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  1. #1
    Senior Member Rank = Yonsai Dudley's Avatar
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    Rain water or tap water?

    I have just completed a pond build, all in ground, natural type construction with clay filled marginal beds but pumped and filtered, skimmer etc.

    But having just experienced the most rain fall since its construction and seeing my overflow looking like water is being pumped out, it got me wondering about water changes.

    So far water changes have been sporadic as I have continually dropped the water level on and off to finish/fine tune construction etc. I have a mains water supply, with in line de-chlorination to top up.

    With this weeks really heavy rain the pond has filled to the overflow point and it has been virtually running all the time.

    My land is heavy clay, and you cannot dig soakaways, put a spade in the ground and remove a sod of soil and its full of water in the morning. 20 years ago when I installed roof guttering I needed to pipe gutter water somewhere. So I dug a well with an overflow out to a field pond. Not a deep well, only about 6m down but that is still below my water table so it filled naturally and its never dried out. .

    To try and relieve my soggy grass and water laying problem in the winter I installed land drain pipes all around the house and ran them into the well head, so a fair bit of surface water drops into the well.

    We NEVER use pesticides or weed killers or any chemicals on our land so I can be pretty certain any ground water that runs off that's goes in the well is good water.

    So is this well water a better option than my de-chlorinating tap water? Which of course is on a water meter as well.

    I could easily pump it from the well to the pond.

    Thanks Steve.



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  3. #2

    Cool

    Quote Originally Posted by Dudley View Post
    I have just completed a pond build, all in ground, natural type construction with clay filled marginal beds but pumped and filtered, skimmer etc.

    But having just experienced the most rain fall since its construction and seeing my overflow looking like water is being pumped out, it got me wondering about water changes.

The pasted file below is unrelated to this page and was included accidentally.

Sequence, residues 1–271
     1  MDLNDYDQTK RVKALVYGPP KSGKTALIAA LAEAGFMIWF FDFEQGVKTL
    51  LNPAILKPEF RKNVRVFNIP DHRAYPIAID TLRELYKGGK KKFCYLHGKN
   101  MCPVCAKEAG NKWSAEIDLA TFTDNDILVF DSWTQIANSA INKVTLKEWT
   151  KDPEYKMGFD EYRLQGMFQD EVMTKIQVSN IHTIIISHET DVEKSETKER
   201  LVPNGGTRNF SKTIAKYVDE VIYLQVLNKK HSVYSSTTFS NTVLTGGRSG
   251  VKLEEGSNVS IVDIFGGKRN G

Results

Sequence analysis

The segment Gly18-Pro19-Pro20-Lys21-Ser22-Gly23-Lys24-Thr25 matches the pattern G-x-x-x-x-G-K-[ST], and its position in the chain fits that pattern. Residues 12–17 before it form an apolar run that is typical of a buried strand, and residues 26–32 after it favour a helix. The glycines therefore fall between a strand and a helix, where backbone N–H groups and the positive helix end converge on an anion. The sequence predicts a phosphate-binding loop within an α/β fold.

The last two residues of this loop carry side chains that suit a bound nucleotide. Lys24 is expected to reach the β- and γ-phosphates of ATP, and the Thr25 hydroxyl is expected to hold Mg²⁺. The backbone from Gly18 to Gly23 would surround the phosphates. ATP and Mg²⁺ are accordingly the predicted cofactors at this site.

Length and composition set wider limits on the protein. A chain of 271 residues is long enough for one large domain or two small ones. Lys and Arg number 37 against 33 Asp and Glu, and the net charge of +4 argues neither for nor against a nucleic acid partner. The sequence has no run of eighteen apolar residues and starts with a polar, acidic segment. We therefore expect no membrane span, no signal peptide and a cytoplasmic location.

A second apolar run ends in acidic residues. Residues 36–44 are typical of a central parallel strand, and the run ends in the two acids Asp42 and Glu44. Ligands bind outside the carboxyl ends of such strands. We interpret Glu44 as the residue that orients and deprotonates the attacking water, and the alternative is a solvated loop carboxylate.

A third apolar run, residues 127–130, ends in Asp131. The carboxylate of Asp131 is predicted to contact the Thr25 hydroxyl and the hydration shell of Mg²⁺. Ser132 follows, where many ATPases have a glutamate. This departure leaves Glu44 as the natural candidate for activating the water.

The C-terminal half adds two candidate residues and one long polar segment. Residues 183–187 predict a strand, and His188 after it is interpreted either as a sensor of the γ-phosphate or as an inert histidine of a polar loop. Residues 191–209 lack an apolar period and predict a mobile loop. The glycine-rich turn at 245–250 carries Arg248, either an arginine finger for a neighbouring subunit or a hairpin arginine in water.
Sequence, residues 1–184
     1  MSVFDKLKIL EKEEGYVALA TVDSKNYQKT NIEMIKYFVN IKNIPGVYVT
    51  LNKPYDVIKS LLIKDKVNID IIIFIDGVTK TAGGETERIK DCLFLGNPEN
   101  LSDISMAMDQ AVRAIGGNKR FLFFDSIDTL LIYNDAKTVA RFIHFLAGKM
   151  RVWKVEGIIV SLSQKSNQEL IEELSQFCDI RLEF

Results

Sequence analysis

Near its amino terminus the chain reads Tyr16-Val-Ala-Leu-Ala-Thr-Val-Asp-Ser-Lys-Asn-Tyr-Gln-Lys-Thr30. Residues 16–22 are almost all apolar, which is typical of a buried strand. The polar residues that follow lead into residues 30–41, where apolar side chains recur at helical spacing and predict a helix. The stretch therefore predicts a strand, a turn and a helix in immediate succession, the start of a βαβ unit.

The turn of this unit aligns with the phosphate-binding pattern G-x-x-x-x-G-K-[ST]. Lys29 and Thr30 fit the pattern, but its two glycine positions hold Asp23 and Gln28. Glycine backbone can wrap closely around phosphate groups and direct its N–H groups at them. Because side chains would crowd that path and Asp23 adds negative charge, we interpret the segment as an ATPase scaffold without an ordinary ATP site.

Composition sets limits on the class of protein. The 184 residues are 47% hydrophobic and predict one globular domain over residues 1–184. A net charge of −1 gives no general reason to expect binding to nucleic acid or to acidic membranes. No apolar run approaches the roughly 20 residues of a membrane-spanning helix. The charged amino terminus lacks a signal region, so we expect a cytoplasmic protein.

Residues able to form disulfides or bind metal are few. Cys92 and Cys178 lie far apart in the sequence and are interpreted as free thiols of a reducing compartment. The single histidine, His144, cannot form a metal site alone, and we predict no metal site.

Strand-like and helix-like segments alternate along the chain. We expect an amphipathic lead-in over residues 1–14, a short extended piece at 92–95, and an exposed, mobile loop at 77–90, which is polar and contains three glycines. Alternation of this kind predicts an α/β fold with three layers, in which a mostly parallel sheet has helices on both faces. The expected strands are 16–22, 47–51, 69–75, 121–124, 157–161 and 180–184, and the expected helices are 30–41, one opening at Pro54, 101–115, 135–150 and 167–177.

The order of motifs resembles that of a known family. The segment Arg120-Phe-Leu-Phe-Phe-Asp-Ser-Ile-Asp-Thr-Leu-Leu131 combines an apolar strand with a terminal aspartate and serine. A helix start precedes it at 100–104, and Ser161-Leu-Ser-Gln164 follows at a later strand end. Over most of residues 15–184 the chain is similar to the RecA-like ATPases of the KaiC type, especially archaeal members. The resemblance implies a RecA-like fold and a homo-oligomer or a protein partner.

So far water changes have been sporadic as I have continually dropped the water level on and off to finish/fine tune construction etc. I have a mains water supply, with in line de-chlorination to top up.

    With this weeks really heavy rain the pond has filled to the overflow point and it has been virtually running all the time.

    My land is heavy clay, and you cannot dig soakaways, put a spade in the ground and remove a sod of soil and its full of water in the morning. 20 years ago when I installed roof guttering I needed to pipe gutter water somewhere. So I dug a well with an overflow out to a field pond. Not a deep well, only about 6m down but that is still below my water table so it filled naturally and its never dried out. .

    To try and relieve my soggy grass and water laying problem in the winter I installed land drain pipes all around the house and ran them into the well head, so a fair bit of surface water drops into the well.

    We NEVER use pesticides or weed killers or any chemicals on our land so I can be pretty certain any ground water that runs off that's goes in the well is good water.

    So is this well water a better option than my de-chlorinating tap water? Which of course is on a water meter as well.

    I could easily pump it from the well to the pond.

    Thanks Steve.
    Steve,

    My opinion rain water is the most ecological water we can use - contrary to high energy / treatment / costly drinking water - provided you are sure your rain water is not contaminated.

    In my case I collect rain water from about 250 sqr.m. roofs into 7.6 cub.m. underground tank - from where I filter it with 30 microns mechanical filter cartrige and use for RDFcleaning, , pond topping / water trickle in, garden watering and toilets flushing in the house. In dry period it is topped up from mains water supply.